Immigrants persist in prayer, and healing follows

Nov 24, 2014 by and

Print Friendly

LOWVILLE, N.Y. — An intensive-care unit lacked a few key components to heal a critically injured patient until help arrived from an immigrant church in Buffalo.

Beth Steria is surrounded by friends from Buffalo Chin Emmanuel Church who attended the New York Mennonite Conference annual assembly Oct. 18 in Auburn, N.Y. — Dan Gallagher

Beth Steria is surrounded by friends from Buffalo Chin Emmanuel Church who attended the New York Mennonite Conference annual assembly Oct. 18 in Auburn, N.Y. — Dan Gallagher

Beth Steria of Low­ville was seriously injured in a Feb. 19 car accident that took the life of her husband, Perry. She was airlifted to a hospital in Syracuse, where it was determined she had broken vertebra, broken ribs, a broken pelvis, broken jaw, a concussion and a collapsed lung.

Steria has no memory of that day and was told afterward it was uncertain if she would live. No one knew if she had suffered brain damage or paralysis.

People across Mennonite Church USA’s New York Mennonite Conference, where Steria serves on the Coordinating Council and as the conference resource advocate, were asked to pray.

Bawi Lian, leader of Buffalo Chin Emmanuel Church — a New York Conference congregation — responded by calling conference minister Gene Miller. Lian said he believed God wanted a group from his Burmese Chin church of nearly 100 people to go to her room to pray for her.

Miller explained Steria’s intensive-care room was small and crowded with medical equipment. Visitors were limited. He encouraged them to pray where they were and then visit her in the hospital at a later time.

The Chin church board met that evening. The board sent a text message to Miller saying they still believed God wanted them to go to Steria’s room to pray for her.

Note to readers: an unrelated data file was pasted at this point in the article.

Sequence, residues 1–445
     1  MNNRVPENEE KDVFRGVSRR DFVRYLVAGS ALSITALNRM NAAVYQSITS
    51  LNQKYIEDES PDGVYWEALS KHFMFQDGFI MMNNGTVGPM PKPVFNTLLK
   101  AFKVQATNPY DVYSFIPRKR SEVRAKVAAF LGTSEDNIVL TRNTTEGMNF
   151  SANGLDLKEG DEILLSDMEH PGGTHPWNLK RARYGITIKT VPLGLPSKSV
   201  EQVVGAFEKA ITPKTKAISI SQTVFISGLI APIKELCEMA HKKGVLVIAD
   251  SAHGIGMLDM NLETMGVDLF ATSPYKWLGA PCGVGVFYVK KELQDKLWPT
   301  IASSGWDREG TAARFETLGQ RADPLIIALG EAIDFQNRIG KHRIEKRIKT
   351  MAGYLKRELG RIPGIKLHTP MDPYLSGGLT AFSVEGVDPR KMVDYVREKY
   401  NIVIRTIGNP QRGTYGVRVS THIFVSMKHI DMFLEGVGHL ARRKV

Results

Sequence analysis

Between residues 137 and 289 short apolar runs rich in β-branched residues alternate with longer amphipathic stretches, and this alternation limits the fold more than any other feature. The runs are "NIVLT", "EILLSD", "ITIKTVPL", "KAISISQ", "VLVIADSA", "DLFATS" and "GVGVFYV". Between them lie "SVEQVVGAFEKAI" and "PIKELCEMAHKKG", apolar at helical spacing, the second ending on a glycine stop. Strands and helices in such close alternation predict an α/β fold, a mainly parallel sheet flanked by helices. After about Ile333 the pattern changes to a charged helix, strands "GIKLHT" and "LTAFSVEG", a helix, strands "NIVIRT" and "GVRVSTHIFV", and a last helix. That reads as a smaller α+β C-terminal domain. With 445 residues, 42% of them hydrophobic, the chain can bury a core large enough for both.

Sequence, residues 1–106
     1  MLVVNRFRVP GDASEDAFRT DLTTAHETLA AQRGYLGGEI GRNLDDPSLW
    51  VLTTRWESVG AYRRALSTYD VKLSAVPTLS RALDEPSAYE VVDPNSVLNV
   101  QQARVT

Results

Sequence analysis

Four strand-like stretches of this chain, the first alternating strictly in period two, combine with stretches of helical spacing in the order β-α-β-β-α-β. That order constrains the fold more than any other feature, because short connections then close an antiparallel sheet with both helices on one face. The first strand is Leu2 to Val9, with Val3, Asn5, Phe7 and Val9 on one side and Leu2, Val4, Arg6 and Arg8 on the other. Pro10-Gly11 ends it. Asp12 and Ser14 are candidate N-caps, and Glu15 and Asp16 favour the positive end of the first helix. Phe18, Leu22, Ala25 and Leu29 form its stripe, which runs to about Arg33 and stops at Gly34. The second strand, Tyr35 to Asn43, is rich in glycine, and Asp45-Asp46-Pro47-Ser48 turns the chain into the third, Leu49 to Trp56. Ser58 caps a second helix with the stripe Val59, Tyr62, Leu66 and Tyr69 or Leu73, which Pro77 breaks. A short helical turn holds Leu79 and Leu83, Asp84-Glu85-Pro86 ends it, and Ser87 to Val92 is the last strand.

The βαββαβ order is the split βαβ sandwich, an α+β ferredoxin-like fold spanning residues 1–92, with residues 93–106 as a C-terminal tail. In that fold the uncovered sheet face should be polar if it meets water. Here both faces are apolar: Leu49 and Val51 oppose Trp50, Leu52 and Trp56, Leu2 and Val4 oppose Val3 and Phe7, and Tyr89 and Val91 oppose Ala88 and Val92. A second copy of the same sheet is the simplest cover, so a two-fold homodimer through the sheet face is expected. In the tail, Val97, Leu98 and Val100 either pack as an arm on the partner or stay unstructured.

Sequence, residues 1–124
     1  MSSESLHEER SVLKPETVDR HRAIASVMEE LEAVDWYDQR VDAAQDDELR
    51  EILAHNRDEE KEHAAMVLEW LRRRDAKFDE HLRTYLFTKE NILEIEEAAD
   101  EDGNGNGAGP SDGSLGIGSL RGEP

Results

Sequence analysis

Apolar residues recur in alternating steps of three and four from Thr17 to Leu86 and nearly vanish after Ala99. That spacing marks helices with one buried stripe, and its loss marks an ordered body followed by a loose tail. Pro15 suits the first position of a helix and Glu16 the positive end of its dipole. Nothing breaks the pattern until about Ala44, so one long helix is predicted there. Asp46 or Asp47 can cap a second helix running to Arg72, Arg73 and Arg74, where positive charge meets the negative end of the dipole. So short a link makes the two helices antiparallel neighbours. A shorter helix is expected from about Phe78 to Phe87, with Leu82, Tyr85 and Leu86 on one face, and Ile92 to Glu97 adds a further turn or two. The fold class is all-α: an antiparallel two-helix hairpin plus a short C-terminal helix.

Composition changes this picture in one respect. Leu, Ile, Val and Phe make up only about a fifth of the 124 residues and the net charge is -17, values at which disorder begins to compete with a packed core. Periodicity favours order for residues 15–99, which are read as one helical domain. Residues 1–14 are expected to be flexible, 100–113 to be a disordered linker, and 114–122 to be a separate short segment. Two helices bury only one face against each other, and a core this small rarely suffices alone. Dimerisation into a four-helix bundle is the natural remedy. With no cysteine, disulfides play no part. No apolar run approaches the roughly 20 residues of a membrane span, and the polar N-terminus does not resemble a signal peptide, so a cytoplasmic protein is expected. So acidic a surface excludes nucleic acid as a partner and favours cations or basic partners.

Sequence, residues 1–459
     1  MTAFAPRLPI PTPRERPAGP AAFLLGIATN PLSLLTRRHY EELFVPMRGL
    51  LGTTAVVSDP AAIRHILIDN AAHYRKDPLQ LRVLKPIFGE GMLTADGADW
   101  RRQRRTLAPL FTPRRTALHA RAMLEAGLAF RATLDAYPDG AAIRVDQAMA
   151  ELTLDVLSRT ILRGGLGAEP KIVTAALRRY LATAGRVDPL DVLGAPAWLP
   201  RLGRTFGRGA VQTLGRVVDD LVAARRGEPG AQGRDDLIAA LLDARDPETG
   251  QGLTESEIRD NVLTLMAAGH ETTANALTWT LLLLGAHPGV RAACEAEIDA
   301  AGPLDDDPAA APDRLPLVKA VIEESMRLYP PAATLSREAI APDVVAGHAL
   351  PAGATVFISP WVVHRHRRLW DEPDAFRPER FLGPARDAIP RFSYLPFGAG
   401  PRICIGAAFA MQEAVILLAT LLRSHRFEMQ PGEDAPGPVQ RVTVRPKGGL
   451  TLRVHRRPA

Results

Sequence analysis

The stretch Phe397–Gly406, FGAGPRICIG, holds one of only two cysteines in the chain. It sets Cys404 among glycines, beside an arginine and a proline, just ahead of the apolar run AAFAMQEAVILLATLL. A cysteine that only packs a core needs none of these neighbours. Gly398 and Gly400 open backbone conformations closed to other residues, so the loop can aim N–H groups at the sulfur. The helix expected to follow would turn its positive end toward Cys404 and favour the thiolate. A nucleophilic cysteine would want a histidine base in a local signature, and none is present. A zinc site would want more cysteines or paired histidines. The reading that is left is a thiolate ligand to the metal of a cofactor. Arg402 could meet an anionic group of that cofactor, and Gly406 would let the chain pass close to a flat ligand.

“When I read the text, the Spirit clearly spoke to me to not discourage them any longer, and I gave them the name of the hospital and Beth’s room number,” Miller said.

Ten people from the Chin congregation traveled more than three hours from Buffalo to Syracuse, where hospital staff allowed all of them into Steria’s room. They prayed fervently for her. A remarkable and speedy healing process began.

“February 23 is the first day that I became totally awake,” Steria said. “It was the worst day of my life when I realized I had lost my husband.

“God sent 10 messengers that day to minister to me. They were like angels gathered around my bed, praying for my healing. At that time I didn’t want to live, much less be healed. But I can’t tell you what it meant to me to see these saints praying and assuring me I would be healed. God used their prayers to bring healing to my spirit as well as my body.”

At the New York Conference assembly Oct. 18 in Auburn, Steria publicly thanked those who prayed for her.

“Your generosity and willingness to follow the leading of the Lord is a shining example for me,” she said. “I also want to thank each person across the state for their prayers and I know there were many. Truly, God used them for my healing.”


Comments Policy

Mennonite World Review invites readers’ comments on articles. To promote constructive dialogue, editors select the comments that appear, just as we do with letters to the editor in print. These decisions are final. Writers must sign their first and last names; anonymous comments are not accepted. Comments do not appear until approved and are posted during business hours. Comments may be reproduced in print, and may be edited if selected for print.

  • Bruce Leichty

    Not by human wisdom or knowledge did this happen. Praise God from whom all blessings flow!

About Me